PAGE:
3. Define. Start by using gel eyeliner on the upper lid (and maybe below as well, but make sure that the upper line is thicker), followed by mascara and eyebrow pencil on the brows. Sometimes you can define the lips too, but lips are rarely a womanís best feature as she ages.
4. Brighten your face with blush in a colour that will brighten without being too bright. Brightening lip gloss can also work well.
5. Lift the face by using a highlighter ó take a light-coloured shadow under the brow bone or by the inner corner of the eyelid.
THE BOTOX-ED . . .
ďItís Simon Cowellís fault. I had lunch with him and he started prodding my chin saying, ĎMate, youíve got to do something about thisí. I mean, I know Iíve always had a face like Freddy Krueger, but more and more people were commenting on my chin.Ē Gordon Ramsay, 43
ďYes, Iíve had Botox. I donít know a single actress who hasnít done it. Thatís a fact. Just get them to frown for you.Ē Amanda Holden, 39
ďTo me, Botox is no more unusual than toothpaste. It works, you do it once a year ó who cares?Ē Simon Cowell, 50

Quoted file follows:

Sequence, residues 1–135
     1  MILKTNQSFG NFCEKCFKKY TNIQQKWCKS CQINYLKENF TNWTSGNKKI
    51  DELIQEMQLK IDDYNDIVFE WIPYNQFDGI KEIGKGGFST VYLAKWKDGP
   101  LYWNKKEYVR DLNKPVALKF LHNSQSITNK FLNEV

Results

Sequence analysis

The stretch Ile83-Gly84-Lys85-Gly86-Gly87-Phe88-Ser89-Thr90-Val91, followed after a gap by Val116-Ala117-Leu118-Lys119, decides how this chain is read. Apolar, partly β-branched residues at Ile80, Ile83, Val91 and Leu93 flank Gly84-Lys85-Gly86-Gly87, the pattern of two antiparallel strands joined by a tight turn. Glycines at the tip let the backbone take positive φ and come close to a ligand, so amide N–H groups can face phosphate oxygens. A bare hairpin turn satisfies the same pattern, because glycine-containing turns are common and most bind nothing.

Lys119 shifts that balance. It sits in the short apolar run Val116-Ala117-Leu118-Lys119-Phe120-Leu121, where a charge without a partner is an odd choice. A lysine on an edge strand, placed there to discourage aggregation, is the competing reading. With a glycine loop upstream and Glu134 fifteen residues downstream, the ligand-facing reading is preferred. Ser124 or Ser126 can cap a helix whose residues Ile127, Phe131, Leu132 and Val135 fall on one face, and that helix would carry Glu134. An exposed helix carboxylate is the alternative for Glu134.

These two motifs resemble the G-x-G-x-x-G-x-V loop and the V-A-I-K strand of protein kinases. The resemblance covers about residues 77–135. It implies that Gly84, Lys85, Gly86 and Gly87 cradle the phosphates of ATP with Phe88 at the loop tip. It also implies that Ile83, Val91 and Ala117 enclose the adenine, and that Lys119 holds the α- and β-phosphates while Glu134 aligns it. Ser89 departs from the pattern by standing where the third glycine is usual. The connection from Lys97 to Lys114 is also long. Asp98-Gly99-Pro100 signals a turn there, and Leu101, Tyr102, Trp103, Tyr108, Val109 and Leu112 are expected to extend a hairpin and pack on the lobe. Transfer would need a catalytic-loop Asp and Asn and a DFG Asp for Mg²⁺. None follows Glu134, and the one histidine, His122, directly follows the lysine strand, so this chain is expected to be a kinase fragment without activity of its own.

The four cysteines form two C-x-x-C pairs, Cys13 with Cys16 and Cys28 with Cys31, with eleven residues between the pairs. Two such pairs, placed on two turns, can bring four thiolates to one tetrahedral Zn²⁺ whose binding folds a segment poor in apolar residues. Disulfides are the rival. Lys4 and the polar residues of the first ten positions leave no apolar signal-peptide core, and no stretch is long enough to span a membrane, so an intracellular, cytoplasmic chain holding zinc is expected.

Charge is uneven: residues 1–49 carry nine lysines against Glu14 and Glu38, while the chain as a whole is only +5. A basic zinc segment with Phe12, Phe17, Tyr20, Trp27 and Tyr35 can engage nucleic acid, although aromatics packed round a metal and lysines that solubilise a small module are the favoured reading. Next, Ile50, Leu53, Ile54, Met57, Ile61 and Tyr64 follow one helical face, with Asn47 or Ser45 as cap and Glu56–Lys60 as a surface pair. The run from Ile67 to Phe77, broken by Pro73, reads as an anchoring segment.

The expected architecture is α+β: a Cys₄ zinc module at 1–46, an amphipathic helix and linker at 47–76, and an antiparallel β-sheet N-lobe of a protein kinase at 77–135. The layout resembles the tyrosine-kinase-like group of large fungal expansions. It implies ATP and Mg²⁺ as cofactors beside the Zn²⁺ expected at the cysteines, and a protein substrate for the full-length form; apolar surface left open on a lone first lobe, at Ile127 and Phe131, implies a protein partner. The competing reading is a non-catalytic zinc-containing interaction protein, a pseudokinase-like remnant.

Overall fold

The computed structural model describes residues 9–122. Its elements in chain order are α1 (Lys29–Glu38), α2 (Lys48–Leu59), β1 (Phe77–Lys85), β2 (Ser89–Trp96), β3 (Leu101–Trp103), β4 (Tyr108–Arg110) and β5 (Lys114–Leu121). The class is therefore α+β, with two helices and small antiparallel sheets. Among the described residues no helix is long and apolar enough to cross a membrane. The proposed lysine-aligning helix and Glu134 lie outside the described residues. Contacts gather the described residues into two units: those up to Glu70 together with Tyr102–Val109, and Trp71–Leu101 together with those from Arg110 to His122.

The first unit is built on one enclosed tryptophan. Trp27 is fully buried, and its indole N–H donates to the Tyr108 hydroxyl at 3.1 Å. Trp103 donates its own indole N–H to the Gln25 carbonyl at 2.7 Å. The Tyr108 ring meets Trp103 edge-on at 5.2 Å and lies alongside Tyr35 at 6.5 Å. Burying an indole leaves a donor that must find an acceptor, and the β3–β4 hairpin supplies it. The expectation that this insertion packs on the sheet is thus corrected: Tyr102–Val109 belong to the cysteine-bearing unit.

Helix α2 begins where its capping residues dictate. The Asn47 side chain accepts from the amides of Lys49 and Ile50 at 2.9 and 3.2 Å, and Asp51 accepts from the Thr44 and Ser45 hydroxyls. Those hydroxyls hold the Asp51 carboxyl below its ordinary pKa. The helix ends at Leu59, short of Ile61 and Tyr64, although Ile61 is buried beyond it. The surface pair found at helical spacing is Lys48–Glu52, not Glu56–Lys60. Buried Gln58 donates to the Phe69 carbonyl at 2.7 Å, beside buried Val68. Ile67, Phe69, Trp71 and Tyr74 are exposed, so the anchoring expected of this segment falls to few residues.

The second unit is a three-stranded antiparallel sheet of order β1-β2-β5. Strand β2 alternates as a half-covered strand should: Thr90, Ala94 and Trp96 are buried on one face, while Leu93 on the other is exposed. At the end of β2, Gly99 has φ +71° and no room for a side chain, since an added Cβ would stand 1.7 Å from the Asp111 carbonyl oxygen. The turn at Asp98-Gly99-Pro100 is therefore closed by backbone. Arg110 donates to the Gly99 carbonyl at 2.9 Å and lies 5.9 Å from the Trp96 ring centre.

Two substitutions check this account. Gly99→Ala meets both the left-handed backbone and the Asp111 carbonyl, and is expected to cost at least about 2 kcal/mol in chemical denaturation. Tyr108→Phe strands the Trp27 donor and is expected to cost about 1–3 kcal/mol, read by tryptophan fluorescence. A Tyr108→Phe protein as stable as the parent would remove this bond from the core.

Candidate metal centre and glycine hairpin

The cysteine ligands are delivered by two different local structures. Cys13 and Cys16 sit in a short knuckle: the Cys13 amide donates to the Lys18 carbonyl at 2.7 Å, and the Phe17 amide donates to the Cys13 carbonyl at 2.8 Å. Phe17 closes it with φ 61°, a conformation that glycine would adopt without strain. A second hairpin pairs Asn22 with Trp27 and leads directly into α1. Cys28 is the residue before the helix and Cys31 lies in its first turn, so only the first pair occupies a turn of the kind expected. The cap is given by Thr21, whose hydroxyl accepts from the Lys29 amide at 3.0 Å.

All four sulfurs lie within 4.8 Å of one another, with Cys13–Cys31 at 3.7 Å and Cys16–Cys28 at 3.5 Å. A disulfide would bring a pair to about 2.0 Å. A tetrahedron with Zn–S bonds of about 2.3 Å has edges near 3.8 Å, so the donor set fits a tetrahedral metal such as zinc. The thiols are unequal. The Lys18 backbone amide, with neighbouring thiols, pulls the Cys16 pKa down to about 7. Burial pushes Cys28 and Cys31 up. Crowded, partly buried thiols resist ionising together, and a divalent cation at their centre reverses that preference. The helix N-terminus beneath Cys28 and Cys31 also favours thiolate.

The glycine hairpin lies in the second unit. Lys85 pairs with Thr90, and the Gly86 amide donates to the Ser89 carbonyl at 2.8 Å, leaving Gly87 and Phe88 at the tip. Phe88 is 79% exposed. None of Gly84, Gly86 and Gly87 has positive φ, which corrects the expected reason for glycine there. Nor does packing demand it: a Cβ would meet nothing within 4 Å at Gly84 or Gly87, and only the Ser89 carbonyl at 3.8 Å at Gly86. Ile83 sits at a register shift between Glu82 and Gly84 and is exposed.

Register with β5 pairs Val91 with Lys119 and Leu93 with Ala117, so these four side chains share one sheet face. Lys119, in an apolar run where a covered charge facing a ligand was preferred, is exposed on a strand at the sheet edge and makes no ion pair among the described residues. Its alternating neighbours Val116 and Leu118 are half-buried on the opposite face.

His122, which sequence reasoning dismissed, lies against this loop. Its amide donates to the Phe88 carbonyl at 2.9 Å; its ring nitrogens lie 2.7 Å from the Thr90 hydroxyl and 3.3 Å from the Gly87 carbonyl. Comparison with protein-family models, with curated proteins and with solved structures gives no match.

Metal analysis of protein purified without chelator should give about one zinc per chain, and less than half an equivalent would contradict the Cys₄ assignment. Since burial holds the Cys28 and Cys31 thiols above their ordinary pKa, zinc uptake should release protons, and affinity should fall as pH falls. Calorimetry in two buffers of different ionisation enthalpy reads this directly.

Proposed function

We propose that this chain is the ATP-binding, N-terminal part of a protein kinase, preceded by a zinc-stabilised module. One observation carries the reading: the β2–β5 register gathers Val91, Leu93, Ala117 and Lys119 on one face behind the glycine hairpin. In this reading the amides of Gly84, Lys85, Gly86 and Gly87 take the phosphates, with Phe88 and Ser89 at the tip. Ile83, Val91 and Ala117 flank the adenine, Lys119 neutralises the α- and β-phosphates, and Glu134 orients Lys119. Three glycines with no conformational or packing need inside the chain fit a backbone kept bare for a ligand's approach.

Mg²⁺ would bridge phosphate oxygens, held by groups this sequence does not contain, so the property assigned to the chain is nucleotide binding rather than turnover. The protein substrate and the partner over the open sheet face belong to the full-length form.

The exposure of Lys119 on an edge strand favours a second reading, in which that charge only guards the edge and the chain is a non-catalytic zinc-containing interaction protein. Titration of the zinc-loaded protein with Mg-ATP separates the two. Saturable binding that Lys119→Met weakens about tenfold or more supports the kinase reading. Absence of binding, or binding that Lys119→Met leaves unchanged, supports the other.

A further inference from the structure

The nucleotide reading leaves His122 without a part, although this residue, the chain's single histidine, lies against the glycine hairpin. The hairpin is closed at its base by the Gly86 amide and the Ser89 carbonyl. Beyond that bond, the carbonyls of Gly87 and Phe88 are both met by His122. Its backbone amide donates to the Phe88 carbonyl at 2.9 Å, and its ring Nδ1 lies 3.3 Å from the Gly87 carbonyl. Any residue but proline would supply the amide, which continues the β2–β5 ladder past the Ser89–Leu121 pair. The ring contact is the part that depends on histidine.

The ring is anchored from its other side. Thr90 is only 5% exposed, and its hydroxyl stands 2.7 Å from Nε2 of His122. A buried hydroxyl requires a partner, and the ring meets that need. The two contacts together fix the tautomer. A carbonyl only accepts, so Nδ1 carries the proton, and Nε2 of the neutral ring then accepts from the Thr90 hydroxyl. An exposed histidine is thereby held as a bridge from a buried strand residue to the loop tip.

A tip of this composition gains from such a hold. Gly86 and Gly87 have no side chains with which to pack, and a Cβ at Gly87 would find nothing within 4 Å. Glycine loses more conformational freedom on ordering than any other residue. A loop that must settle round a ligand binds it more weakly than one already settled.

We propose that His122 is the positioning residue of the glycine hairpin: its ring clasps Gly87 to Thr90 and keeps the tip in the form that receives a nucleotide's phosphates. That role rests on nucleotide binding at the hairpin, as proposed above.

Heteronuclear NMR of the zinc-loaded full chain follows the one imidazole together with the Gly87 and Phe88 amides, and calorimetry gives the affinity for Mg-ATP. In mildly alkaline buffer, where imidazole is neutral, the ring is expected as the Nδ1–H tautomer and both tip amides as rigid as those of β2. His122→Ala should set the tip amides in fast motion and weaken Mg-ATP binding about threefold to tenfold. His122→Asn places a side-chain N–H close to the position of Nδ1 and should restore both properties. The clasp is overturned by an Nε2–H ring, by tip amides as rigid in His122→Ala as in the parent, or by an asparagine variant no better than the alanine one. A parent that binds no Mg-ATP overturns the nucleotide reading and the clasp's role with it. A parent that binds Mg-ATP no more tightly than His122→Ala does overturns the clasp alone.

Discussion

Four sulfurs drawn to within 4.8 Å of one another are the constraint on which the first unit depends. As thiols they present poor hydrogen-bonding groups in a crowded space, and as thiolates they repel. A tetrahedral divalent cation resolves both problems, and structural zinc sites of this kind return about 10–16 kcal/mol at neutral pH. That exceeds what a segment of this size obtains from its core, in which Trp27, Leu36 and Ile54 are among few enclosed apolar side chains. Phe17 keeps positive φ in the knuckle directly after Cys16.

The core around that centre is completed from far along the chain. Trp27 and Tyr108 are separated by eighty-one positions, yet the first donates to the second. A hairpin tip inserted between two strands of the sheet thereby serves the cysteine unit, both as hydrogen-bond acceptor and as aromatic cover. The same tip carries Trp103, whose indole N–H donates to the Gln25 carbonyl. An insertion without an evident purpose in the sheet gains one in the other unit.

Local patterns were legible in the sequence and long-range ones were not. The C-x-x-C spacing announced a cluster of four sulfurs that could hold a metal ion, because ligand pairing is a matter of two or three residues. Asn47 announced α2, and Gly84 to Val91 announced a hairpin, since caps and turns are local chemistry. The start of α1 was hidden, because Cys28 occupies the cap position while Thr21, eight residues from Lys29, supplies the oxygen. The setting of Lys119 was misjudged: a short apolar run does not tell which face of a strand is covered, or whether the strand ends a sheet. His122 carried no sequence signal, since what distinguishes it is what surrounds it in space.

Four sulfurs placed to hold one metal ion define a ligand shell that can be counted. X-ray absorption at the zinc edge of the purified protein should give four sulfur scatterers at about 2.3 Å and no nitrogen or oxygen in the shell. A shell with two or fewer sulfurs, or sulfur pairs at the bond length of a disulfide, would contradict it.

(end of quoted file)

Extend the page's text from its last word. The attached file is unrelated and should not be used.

ďIíve had three things: Botox, Restylane and something called New-Fill. Thatís the best. I may become a bit of a junkie. It has undoubtedly made a difference. They may be expensive, but make your decision: new holiday or look younger for a year.Ē Christine Hamilton, 60
. . . AND THE NO-TOXED
ďNo way [to cosmetic surgery]. Not even Botox. You look at someone like Judi Dench and you just think sheís the most beautiful woman. Because if youíre a beautiful person then somehow all the lines fall into the right place.Ē Rosamund Pike, 31
ďI canít bear seeing [people who look] like photocopies. People say ĎYouíre so brave to play older womení, and I think oh God, should I ring the surgeon right now? Listen, itís my job, I use my face, itís there, it exists and itís going to get older. But you can still look fabulous." Kristin Scott Thomas, 49
ďIím not going to have Botox. When I was in America I was horrified: every second or third woman had altered her face to the point where you think Ďhow can you know what you originally looked like? I like the fact that I look like my parents. This is part of who I am.Ē Kirsty Wark, 54
ďI had Botox a while ago. I had it, itís fine ó I just choose not to do it now.Ē Dannii Minogue (reformed Botox user), 38